The other day I was asked, “What is the one thing you would tell teachers to stop doing as the end of the year nears?” I needed no time to think because my answer is simple; the countdown.
I used to do the countdown with my students. 20, 19, 18 days left of school. Each day the kids would get more excited. “We are almost out of here, Mrs. Ripp!” They got crazier as the countdown neared the end, energy barely contained, and I loosened the reins, had fun, did less curriculum and more community building. Except the days dragged on. The kids grew restless, and I even started looking at the clock, wishing the day to be over. Was this what teaching the last few weeks of school would always be like?
Six years ago, after a particularly trying week, I had an epiphany – one that many have had before me. I was creating the excited mess unfolding every day in my classroom. My choices in doing a countdown and stepping away from our routines were signaling to the kids that school no longer mattered. That what we were doing no longer mattered. That all they had to do was wait it out and then this, too, would finally be over. As if our students needed any more reminders that school is not a great place to be.
So I stopped the countdown, I went back to teaching and have not looked back since. Because while the countdown may be fun on the surface; another way to show off student accomplishment – you made it through 7th grade -it also sends a much deeper message; we are done with the year. I am done with you. I cannot wait to be done and finally get a break. Is that really what we want to tell our students?
Yet, this is not the only reason I hate the countdown. One year, a child cried under his desk on the last day of school. Inconsolable, I asked him what had happened. Had someone said something to him that I had not caught? Instead, he looked up at me, tears running down his face and said, “Don’t make me leave…I don’t want to go on vacation, I want to stay here.” I cried with him and did the only thing I could, hug him and tell him I would always be here for him if he needed me. Yet, his words have stayed with me all of these years. This child did not look forward to summer. This child faced a summer of unknowns, of food shortage, of not knowing who he would live with, of who would care for him. Summer did not represent a break, but a punishment. Our classroom was his safe space. In our classroom, he felt loved. By counting down the days, I was reminding him every day of what was ahead after that last day of school; uncertainty, fear, hunger. None of those messages were what I hoped to convey to my students.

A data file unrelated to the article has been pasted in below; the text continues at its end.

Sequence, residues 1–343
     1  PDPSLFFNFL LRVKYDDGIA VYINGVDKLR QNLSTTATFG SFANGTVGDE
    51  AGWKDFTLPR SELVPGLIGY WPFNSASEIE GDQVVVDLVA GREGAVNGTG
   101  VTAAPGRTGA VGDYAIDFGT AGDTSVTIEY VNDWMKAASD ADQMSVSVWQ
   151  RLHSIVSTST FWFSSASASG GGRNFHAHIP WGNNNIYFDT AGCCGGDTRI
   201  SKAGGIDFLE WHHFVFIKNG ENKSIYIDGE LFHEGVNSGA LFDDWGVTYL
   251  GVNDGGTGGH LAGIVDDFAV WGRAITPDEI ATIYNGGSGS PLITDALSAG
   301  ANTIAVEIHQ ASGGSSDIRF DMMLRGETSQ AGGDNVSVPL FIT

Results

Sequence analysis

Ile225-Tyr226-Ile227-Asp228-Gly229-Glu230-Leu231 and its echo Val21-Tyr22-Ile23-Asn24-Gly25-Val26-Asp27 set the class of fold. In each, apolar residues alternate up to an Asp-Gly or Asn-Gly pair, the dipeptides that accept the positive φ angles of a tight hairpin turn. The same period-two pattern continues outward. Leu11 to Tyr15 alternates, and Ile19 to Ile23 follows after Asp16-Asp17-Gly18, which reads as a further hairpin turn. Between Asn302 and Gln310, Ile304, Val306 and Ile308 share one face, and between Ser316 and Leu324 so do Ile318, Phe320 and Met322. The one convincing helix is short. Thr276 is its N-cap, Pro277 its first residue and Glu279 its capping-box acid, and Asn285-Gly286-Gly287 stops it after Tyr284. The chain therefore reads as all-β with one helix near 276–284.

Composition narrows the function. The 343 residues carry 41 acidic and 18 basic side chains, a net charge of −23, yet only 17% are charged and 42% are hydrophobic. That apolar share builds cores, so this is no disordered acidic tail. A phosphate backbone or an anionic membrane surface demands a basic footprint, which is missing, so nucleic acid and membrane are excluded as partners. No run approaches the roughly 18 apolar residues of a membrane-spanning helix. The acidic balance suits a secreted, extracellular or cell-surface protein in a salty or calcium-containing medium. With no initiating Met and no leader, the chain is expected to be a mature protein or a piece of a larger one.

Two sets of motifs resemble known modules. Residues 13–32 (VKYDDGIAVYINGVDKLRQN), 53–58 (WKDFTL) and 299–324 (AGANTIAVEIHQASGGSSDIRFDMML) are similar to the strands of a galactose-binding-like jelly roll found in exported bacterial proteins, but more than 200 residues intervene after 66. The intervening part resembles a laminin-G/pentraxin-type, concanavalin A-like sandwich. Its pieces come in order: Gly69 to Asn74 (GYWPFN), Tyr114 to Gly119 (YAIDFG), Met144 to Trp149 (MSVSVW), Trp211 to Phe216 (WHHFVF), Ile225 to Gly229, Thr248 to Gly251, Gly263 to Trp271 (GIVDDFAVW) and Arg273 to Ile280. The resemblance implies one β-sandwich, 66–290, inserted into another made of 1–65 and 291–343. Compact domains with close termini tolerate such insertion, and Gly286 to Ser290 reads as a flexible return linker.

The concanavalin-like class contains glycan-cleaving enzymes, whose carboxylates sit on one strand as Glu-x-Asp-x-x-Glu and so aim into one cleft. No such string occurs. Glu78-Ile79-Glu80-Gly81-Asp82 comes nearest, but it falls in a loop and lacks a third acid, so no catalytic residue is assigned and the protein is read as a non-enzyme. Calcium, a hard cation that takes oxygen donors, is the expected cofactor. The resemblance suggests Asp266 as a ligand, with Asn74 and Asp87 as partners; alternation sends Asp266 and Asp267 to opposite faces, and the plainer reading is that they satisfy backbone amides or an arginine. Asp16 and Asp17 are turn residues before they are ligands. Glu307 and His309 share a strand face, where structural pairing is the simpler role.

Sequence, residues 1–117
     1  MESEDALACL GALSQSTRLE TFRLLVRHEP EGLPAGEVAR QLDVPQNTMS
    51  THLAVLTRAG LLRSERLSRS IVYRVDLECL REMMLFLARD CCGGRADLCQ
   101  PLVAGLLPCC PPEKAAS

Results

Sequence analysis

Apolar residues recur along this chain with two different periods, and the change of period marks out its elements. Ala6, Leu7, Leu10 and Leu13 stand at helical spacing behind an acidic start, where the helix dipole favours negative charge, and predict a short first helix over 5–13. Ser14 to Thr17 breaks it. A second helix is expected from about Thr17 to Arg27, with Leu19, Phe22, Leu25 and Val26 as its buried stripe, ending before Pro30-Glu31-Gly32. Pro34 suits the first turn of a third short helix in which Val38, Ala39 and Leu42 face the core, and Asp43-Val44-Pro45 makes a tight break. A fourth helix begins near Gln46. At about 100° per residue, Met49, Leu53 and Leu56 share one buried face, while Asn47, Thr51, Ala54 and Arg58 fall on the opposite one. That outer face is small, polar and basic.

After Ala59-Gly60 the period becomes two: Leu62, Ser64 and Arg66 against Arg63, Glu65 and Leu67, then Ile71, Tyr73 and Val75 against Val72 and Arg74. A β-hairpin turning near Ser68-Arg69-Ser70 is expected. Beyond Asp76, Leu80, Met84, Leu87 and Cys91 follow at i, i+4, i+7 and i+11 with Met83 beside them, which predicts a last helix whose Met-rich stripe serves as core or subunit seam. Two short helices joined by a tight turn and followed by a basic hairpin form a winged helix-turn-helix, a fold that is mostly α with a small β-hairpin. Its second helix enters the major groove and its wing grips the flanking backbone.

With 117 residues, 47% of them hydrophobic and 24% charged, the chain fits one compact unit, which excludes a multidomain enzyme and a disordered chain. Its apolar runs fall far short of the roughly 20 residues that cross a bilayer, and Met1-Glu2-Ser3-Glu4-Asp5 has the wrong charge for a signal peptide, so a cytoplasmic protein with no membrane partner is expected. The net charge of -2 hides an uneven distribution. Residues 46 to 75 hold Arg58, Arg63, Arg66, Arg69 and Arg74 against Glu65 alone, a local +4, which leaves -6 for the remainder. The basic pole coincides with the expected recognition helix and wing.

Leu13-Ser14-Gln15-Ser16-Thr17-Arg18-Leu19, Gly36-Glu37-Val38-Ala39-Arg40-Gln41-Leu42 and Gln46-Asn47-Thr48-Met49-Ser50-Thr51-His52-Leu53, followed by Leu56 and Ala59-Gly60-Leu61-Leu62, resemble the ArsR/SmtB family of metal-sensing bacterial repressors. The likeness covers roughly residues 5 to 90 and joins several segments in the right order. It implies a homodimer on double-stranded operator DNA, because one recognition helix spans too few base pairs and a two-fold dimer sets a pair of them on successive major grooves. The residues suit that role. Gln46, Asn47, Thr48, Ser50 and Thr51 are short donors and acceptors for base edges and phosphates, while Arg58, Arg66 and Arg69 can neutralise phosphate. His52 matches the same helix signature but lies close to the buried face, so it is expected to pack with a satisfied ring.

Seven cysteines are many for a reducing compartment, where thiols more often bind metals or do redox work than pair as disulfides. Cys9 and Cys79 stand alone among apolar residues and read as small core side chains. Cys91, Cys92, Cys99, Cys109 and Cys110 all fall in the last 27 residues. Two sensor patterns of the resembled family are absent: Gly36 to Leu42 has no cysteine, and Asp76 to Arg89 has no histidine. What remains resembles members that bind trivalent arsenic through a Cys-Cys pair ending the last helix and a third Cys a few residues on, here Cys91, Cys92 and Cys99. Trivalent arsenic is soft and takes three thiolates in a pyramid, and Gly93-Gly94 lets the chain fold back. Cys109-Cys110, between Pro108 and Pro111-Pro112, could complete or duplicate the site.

So It is not that we don’t know how many days are left. I have 38 days left to be exact and so much still to teach. It is just that we don’t advertise it. We don’t actively remind children how much better summer will be than what we are doing. It undermines the entire mission we have had all year of instilling the importance of the work we do. It undermines every single time we have said that school is important. So now, when a child tells me that they are excited about summer, I tell them I am too, but also that I will miss them, that I will miss our learning, that I will miss our classroom. That we have so much learning still to do. That we will work to the very last day because our time is valuable. Because we need every minute we can get.
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9 thoughts on “On Counting Down the Days”
I didn’t have any idea how many days we have left. We are on Easter break, so I looked at the calendar and counted. 28 days! Yikes! That’s not many. I’ve never done the countdown, but I’ve watched it happen all down the hall. I didn’t think about how it was contributing to the madness, but now it makes sense. I’ve had that student who cried on the last day of school. I think I’ll be the one crying this year. 28 days makes me so sad.
Thank you so much for your post – I shared it with my entire staff today. What you wrote is exactly what I’ve thought for many years, but I just haven’t had the exquisite words (that you used here) to convey my feelings. Bravo!!!
I am so thankful for your words Pernille, truly, they force me to look hard in the mirror. I admit that I have been counting down this year, I would be lying if I said it didn’t want it to be over. This year almost made me quit. I do love and care about my students, but I am ready for a fresh start next year.
I totally agree. I’ve never done a countdown and always feel there is so much left to teach after Easter break. I do my best to keep their little brains open to learning with some engaging tricks I save just for this time of year. Thank you for this post.
So true! It is hard enough keeping students on track…especially after State Testing . I never really thought of it this way before. We’re actually throwing gasoline on the “School’s almost out so I’m checking out” fire. Thank you.
I totally agree! My teammate and I think of teaching as May to May. The work we do now is setting the stage for next year. My advice to others..Don’t stop teaching! Enjoy this time with your kids. Watch them reflect and grow even more in these final days. Kids deserve our best even as the school year winds down.
There is so much truth wrapped in this blog post. Summer is not always a break for students as their everyday normalcy screeches to a halt. School means safety. Comfort. Success. Love. It’s a tough transition to be reminded daily that all you’ve known for nearly a year is coming to an end. Celebrate the good and keep learning right to the end!